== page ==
Latin America’s stricken airlines facing long haul to recovery

IATA estimates it will take at least 3 years for the region’s airlines to inch back to their pre-pandemic level for domestic and regional flights

MEXICO CITY • Latin America’s beleaguered airlines will take up to three years to recover losses due to the coronavirus pandemic, and in the meantime, desperately need government help, according to experts surveying the damage to the industry.

The International Air Transport Association (IATA) estimates it will take at least that time for the region’s airlines to inch back to their pre-pandemic level for domestic and regional flights.

Long-haul services to the US and Europe will take until 2024 to come back, it said.

“It’s a long-range view; it will not be short term. It will take a lot of work,” said Peter Cerda, IATA VP for the Americas.

Evidence of the severity of the crisis came last week when the region’s two largest airlines, Chilean-Brazilian LATAM Airlines Group SA and Colombia’s Avianca SA, filed for bankruptcy in the US.

With countries across the region in lockdown, flight activity has plummeted 93% from around 200,000 a day, with losses in revenue estimated at US$18 billion (RM78 billion).

Cerda said that figure is likely to increase.

The IATA official said the impact to the industry is even worse than the aftermath of the Sept 11, 2001, attacks on the US.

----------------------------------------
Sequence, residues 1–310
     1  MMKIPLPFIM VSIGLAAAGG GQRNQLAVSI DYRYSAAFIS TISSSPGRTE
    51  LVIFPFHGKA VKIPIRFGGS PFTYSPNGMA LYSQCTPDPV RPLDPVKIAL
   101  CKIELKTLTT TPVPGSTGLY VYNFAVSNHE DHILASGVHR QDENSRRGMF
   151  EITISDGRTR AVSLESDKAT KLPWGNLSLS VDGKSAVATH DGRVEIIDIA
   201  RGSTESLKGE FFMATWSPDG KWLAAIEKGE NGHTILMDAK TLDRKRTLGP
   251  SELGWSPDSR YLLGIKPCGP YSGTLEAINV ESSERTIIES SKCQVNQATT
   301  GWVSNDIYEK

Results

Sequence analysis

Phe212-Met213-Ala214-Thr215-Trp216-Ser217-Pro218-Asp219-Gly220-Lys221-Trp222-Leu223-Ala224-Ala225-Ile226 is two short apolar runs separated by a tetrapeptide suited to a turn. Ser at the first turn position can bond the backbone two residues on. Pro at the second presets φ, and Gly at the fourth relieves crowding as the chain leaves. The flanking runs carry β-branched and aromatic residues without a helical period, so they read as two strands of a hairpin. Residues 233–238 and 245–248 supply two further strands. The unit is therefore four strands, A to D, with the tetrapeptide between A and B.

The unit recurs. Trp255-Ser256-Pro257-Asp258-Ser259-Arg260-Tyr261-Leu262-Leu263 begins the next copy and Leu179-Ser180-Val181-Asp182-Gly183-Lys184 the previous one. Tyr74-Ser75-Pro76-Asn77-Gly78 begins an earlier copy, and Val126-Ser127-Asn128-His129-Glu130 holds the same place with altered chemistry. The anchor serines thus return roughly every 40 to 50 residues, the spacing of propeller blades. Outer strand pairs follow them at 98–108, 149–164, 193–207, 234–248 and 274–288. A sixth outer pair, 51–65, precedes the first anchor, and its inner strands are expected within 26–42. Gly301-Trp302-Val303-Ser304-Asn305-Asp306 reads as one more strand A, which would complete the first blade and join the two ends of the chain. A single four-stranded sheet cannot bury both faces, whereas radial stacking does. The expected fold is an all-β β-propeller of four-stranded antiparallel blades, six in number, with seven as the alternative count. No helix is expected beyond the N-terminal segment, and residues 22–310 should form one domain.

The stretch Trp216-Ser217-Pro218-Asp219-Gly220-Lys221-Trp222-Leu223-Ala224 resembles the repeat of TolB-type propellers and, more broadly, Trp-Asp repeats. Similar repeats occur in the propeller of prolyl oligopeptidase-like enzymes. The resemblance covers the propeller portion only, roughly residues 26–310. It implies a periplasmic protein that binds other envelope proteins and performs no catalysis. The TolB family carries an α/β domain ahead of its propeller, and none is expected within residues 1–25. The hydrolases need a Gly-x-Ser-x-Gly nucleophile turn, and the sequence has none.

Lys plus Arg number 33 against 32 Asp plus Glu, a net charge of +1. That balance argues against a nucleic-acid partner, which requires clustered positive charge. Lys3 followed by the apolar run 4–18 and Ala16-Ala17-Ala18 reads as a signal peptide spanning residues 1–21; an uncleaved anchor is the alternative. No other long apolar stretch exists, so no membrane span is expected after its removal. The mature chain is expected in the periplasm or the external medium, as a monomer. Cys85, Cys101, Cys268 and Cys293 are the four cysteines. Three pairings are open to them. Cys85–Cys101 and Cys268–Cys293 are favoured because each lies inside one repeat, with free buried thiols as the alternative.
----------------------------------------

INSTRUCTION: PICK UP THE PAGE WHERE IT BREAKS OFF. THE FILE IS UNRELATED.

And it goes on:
“We are going to have airlines that are not going to be able to recover, that will have to shut down their operations for good,” he said.

After almost three months of lockdowns and restrictions on movement across the region, airlines have run out of cash and government support is “urgent”, he said.

“What we are asking for is not a financial rescue. It’s support, immediate relief that allows the industry to sustain operations,” said Cerda.

Airlines are seeking tax relief and credit guarantees from governments.

Globally, government aid to the airline sector stands at US$123 billion, including US$300 million from Latin America, according to IATA.

Governments are conscious of the broader effects and Chile is considering a bailout for LATAM, seeing the airline as vital to the economy, and seeking to preserve 10,000 direct jobs, as well as the livelihood of up to 200,000 people the government said are dependent on the airline indirectly.

The company has already cut 1,800 of its total 42,000 staff.

The company is also holding discussions with the governments of Brazil, Peru and Colombia to save jobs there.

In Brazil, the largest internal market in the region with 90 million passengers a year, private banks headed by a development bank have granted a US$1.1 billion loan to its three largest airlines — Gol Linhas Aéreas Inteligentes SA, Azul Brazilian Airlines SA and LATAM.

Gol and Azul first had to agree to cut executive salaries and provide special rates and packages to stimulate recovery.

In Mexico, the region’s largest destination for foreign tourists, Tourism Minister Miguel Torruco insisted his country would continue to have “strong, solid airlines”.

IATA said talks are underway with the government to reduce airline charges.

The country’s largest, Aeromexico SA, will resume some routes starting today, though ratings agency S&P Global Ratings lowered its credit rating this week due to the possibility of its debt being “unsustainable”.

In Argentina, state-owned Aerolineas Argentinas announced a merger with its subsidiary Austral Cielos del Sur SA this month to reduce infrastructure and staff to save up to US$100 million. — AFP